The economic crisis of 2008 has affected everybody. It hit Broadway particularly hard and it might have been inevitable that productions of less than stellar quality made it to the stages. Audiences shrunk, fewer and fewer Broadway regulars and tourists were willing to pay for tickets, and inflexible agreements with unions will have contributed as well to the downturn. Traditionally lavish Broadway shows shrunk both in set, orchestra, and more often than not in cast as well as cast quality. This, coupled with the phenomenon of the contraction of some pertinent sectors of loyal theater fans seems to shape Broadway's present and future.
But Broadway's experienced and at times shrewd producers do not resign themselves to this new state of affairs. They started to look into creative ways to attract new crowds. One of the most visible new approaches is the casting of Hollywood talent to star on New York's stages. And so we have seen Denzel Washington in Fences, Jude Law in Hamlet, Scarlet Johansson and Liev Schreiber in A View from the Bridge and Catherine Zeta-Jones and Angela Lansbury in A Little Night Music. No wonder that the Tony Awards this year resembled an Oscar ceremony, with many of the pertinent Broadway stars being absent.
To state this fact is not at all to argue that Hollywood stars should not display their talent to Broadway. Angela Lansbury in an unforgettable performance, as well as Catherine Zeta-Jones, who also won the Tony for her performance as Desiree, have proven to justify their excellence not only on the big and small screens but also in a challenging Stephen Sondheim musical. And indeed, the audience recognized excellence and flocked to the Walter Kerr Theater and filled it to the last seat night after night.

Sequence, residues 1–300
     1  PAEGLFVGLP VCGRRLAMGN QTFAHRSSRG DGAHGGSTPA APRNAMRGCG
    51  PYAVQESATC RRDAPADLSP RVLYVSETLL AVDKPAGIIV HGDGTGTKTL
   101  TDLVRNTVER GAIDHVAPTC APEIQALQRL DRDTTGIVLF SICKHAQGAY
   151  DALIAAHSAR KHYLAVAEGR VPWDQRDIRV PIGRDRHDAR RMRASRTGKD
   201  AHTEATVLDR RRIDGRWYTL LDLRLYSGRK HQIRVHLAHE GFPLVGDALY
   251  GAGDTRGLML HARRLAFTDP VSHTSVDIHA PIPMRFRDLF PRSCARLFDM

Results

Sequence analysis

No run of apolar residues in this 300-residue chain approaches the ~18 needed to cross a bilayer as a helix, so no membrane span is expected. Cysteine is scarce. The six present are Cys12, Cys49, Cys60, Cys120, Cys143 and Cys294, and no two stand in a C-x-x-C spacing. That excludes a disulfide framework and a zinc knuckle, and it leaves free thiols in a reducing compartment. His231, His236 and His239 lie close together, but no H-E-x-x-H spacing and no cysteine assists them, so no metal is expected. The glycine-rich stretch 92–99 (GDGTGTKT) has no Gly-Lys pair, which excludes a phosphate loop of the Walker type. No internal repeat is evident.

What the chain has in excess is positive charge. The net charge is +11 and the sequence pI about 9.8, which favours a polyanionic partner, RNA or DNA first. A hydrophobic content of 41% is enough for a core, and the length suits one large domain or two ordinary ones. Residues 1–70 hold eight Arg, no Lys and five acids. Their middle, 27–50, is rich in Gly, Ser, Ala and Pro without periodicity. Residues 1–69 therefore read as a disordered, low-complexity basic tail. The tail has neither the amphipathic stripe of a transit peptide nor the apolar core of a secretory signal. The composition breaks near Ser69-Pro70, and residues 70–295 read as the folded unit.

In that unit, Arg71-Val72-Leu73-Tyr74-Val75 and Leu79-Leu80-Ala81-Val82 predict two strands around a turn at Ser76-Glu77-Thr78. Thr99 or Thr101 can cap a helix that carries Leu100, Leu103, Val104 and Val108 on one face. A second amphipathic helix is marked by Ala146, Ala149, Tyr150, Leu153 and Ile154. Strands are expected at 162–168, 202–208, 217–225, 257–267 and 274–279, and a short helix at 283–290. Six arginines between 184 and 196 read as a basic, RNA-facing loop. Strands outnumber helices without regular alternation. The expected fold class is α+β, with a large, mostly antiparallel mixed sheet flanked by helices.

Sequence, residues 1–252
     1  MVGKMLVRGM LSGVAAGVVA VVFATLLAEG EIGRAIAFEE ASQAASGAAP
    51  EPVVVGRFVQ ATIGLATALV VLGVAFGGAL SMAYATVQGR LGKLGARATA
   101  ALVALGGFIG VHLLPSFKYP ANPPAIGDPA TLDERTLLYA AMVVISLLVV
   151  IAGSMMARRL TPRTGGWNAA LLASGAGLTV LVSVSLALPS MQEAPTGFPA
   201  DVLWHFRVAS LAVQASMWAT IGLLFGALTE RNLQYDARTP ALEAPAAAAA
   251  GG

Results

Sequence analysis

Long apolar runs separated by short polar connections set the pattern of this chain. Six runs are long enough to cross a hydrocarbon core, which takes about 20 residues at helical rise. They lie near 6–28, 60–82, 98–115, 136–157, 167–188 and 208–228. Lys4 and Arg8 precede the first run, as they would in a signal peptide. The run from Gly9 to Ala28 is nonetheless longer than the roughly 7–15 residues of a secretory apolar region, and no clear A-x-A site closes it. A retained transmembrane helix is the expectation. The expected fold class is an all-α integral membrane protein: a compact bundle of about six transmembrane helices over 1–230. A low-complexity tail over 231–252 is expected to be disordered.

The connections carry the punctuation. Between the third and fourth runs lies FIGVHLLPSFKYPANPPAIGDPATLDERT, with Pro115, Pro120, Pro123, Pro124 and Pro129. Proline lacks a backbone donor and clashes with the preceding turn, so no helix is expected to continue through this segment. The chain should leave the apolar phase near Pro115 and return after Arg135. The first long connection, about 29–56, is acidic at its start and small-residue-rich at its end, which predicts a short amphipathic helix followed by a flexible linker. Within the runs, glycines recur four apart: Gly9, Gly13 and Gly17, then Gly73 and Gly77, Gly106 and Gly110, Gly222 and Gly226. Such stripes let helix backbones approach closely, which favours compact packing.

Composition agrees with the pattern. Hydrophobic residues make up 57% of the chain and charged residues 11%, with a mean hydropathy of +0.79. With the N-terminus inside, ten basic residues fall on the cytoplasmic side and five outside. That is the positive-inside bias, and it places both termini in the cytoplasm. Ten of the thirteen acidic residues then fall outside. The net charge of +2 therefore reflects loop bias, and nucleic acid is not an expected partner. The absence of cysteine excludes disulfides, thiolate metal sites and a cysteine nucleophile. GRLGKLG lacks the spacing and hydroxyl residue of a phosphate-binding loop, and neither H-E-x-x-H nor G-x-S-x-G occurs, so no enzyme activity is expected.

What is most striking about the recent perfected revival of A Little Night Music is what followed the end of Zeta-Jones/Lansbury engagement. In early June, after the Tony and much acclaim the producers decided to extend the running of the show and were looking for a powerful duo to replace the successful original team. Rumor has it that Bernadette Peters, even though considered to be a Sondheim 'queen,' was not inclined to take the offer. After all, a star of her caliber is used to open musicals of the highest standards, but not to replace an outgoing star. And Elaine Stritch's participation was in doubt because of the challenges and physical requirements. But there was a happy end and both agreed to join.
Those who were lucky enough to get tickets and watch A Little Night Music starring the Peters-Stritch duo have witnessed what a mega powerful casting can accomplish. Peters was in her element as she did what comes to her almost naturally, as if she was born Desiree Amfeld. And Stritch certainly stole the show: She was nothing but phenomenal, forgetting some of the lines and all.
But it is not just the new cast that makes or breaks a show. There is something magical about this production that makes it stand out. I suspect that the secret is in its modesty, which would make much sense when speaking about an already complicated and profound Sondheim masterpiece. Trevor Nunn's sensitive interpretation of the text combined with a keen understanding of the music is so powerful that a minimal set, a simple choreography and intimately staged scenes are the ingredients of the successful show. The combination with a carefully assembled cast leaves the audience mesmerized. Now/Later/Soon.
And so, what starts off as A Little Night Music ends up as nothing less than a Grand one. A rarity on Broadway in these tough times.